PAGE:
' Frank J. Gaffney, Jr.
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Jewish World Review May 13, 2003 / 11 Iyar, 5763

Frank J. Gaffney, Jr.

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'Transformation, part deux'

http://www.NewsAndOpinion.com | George W. Bush made a central plank of his 2000 campaign platform the "transformation"of the U.S. military. By appointing Donald Rumsfeld and his team to run the Pentagon, President Bush found people with the vision, courage and tenacity needed to make the policy and hardware choices that will do much to determine whether the armed forces will be as effective in contending with future threats to the Nation's security as they were recently shown to be in liberating Afghanistan and Iraq.

They cannot do the full job of transformation alone, however. If the promise of such changes is to be fully realized, Congress must give urgent and broadly favorable treatment to a package of legislative initiatives now under consideration on Capitol Hill.

Under the rubric of the "Defense Transformation for the 21st Century Act of 2003," Secretary Rumsfeld proposes literally to transform the way the Pentagon works in three critical areas: how it develops and buys military hardware; how it recruits, compensates and manages the department's 750,000-person civilian workforce; and where and how it trains the troops.

On the face of it, there is an obvious need for clearing away much of the thicket of congressionally mandated restrictions, reporting requirements and associated regulations that today afflict the Department of Defense in each of these areas. Accordingly, the suggested revisions have generally found favor among legislators charged with overseeing the Pentagon. They are, predictably, running into resistence from others in Congress who are exceedingly sensitive to government watchdog groups, public employee unions and environmental activists for whom concerns about national security come second (if that) to their respective special interests.

There is, nonetheless, an overwhelming national interest in effecting the sorts of legislative relief needed to achieve what might be called "Transformation, Part Deux." In particular, Congress needs to give Pentagon managers both responsibility and authority to streamline their operations, notably by employing practices critical to successful private sector ventures. Streamlining should be undertaken as well with respect to congressional requirements for duplicative reports whose preparation consumes immense amounts of staff and executive time seemingly unjustified by their use on Capitol Hill.

Since the early 1980s, the Defense Department has successfully experimented with improvements in personnel practices that have made possible considerable enhancements to civilian work-force performance and morale, while permitting some cost-savings. Secretary Rumsfeld proposes to draw on this experience, the recommendations of numerous independent review panels and the insights he and others have garnered in the business sector, to devise a new National Security Personnel System.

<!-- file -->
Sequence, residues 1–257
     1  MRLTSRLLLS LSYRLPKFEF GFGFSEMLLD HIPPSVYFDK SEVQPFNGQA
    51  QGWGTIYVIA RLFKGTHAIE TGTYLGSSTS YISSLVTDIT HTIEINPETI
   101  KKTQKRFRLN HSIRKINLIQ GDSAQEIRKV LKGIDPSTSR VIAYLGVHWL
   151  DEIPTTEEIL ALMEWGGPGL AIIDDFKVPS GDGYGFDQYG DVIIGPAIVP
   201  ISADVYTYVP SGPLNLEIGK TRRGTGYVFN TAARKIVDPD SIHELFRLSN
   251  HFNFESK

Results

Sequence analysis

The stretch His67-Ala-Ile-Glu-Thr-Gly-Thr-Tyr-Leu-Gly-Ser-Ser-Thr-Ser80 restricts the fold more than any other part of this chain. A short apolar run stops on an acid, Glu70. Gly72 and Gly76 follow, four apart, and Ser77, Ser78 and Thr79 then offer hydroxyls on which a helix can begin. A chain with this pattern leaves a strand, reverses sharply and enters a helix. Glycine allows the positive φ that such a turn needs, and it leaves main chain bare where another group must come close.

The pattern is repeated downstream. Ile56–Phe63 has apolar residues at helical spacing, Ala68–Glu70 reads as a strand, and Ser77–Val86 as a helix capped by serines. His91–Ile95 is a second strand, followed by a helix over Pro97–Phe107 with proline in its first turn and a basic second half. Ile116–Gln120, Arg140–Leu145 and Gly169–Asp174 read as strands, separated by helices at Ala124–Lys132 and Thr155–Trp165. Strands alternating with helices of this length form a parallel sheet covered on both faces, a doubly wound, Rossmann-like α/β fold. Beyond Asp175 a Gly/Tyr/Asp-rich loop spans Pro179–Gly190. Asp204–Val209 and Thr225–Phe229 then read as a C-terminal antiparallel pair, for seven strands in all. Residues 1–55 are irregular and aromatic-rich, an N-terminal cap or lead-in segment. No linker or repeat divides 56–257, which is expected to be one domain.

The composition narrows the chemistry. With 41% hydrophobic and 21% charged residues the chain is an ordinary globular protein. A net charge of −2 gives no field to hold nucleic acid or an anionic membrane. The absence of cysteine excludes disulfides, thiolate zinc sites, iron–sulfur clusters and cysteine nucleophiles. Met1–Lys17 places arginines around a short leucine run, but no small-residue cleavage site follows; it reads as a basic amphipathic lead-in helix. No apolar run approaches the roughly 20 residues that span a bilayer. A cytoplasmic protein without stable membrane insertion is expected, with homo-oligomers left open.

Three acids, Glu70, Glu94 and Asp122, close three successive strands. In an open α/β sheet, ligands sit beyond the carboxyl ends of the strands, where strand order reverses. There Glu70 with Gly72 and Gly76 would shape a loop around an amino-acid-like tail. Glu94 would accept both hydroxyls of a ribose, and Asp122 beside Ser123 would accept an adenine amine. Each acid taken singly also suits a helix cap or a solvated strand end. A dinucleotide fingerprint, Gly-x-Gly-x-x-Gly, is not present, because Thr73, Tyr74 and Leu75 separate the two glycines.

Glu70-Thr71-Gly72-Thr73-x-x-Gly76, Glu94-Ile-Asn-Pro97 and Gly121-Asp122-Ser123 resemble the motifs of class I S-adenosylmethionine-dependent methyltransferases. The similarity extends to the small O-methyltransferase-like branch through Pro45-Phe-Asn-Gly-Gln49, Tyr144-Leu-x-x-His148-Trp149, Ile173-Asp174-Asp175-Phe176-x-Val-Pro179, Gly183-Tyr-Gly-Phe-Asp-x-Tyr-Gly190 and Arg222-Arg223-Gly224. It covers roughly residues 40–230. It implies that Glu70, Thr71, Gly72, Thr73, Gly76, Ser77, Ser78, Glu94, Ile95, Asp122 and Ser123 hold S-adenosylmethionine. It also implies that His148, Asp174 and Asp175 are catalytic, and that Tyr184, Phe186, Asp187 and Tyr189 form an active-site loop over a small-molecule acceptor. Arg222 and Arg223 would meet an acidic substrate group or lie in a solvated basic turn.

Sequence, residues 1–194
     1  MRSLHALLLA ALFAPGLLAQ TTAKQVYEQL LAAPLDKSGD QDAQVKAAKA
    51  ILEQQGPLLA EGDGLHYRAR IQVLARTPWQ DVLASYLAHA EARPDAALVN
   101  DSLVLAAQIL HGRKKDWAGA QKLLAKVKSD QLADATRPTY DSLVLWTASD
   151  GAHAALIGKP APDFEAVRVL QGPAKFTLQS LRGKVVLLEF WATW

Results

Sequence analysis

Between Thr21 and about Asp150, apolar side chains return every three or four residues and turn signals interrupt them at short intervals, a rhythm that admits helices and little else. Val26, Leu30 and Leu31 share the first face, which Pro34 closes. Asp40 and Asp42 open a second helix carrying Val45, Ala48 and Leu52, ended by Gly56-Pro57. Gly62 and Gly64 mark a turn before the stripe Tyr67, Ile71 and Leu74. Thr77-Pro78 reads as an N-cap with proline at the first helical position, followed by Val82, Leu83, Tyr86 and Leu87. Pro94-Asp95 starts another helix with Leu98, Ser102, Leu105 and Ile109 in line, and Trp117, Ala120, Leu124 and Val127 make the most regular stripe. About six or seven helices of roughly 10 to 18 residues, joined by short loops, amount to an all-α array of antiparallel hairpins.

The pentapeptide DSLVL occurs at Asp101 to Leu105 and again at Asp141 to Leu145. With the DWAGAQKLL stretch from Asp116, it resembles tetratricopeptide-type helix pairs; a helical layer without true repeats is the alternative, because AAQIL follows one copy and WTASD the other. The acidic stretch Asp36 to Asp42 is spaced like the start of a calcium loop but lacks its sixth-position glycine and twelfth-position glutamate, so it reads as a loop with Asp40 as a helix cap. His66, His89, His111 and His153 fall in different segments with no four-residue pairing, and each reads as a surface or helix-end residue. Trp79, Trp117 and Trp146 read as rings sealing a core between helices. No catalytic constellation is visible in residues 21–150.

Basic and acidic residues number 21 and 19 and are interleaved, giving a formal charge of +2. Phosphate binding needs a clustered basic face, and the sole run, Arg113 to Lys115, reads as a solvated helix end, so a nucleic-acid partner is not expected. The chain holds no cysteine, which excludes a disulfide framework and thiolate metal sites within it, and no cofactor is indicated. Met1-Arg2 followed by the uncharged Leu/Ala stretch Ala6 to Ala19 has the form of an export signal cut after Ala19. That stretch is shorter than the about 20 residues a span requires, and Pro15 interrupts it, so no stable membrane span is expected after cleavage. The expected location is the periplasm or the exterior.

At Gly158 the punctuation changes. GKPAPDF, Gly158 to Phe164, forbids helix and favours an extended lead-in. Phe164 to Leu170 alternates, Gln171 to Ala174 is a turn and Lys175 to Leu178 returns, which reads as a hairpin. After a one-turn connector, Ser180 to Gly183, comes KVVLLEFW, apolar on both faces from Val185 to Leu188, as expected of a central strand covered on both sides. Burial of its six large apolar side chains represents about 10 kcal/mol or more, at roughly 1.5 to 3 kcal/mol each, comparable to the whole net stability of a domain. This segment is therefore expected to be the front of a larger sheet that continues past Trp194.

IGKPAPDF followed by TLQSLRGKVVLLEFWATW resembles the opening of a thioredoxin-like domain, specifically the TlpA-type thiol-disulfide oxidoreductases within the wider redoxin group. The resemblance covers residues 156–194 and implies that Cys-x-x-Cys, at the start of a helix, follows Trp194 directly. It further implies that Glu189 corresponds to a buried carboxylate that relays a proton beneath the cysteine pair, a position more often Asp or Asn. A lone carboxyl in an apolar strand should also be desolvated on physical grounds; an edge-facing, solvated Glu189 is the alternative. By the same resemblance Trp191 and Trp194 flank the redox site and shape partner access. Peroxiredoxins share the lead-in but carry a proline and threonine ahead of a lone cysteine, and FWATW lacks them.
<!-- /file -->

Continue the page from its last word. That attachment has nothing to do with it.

These personnel management changes are not simply desirable; they are essential. The Pentagon faces an impending crisis as aging baby-boomers, who comprise many of its most experienced civilian employees, begin to retire in droves. Flexibility not currently afforded to managers -- especially with respect to expedited hiring of needed personnel, the ability to reward outstanding service and greater latitude to reassign or terminate non-performers -- will enable the Pentagon's civilians to keep pace with, and support, the transformation of the capabilities of their military counterparts.

One of the most controversial aspects of the Defense Transformation Act is among its most commonsensical: The military needs to be able to train as it intends to fight -- something that it is increasingly unable to do on the lands and in the waters set aside for that purpose due to creeping (in some cases, galloping) environmental-related strictures.

The Rumsfeld team is both environmentally sensitive and mindful of the fervor any effort to undo "green" statutes and regulations typically engenders. Faced with the real threat to training and readiness arising from current inhibitions on movement over military bases' beaches, in litoral waters and on off-road areas, however, the Pentagon is seeking legislative protection from still further restrictions that would have a truly crippling effect. This is absolutely the least Congress can do to support the troops.

The Defense Transformation Act is neither a panacea nor is it incapable of improvement by national security-minded professionals. Aspects of the bill bearing on foreign dependency, depot-maintenance and contracting-out of Pentagon activities, for example, are matters on which there will likely be disagreement and room for vigorous debate -- even among people animated exclusively by the desire to secure the most transformed and capable U.S. military possible.